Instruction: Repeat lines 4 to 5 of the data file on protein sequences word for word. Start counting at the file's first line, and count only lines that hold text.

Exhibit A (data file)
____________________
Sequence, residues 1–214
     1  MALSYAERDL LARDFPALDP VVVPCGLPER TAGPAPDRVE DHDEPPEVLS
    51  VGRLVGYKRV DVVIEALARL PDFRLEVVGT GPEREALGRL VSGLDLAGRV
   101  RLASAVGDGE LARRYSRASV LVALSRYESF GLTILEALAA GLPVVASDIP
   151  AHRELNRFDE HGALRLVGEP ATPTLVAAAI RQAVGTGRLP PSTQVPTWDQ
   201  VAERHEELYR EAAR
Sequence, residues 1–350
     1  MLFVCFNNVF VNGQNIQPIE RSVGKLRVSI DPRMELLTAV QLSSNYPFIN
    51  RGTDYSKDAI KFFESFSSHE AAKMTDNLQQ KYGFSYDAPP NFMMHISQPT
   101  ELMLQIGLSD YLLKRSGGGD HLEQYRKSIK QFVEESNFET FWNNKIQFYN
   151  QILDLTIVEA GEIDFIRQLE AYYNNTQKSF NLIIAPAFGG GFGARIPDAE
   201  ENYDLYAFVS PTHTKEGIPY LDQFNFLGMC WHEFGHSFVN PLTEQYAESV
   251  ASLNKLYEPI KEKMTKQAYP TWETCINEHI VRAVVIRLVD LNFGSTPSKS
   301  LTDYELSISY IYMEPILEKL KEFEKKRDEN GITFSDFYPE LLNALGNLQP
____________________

   101  RLASAVGDGE LARRYSRASV LVALSRYESF GLTILEALAA GLPVVASDIP
   151  AHRELNRFDE HGALRLVGEP ATPTLVAAAI RQAVGTGRLP PSTQVPTWDQ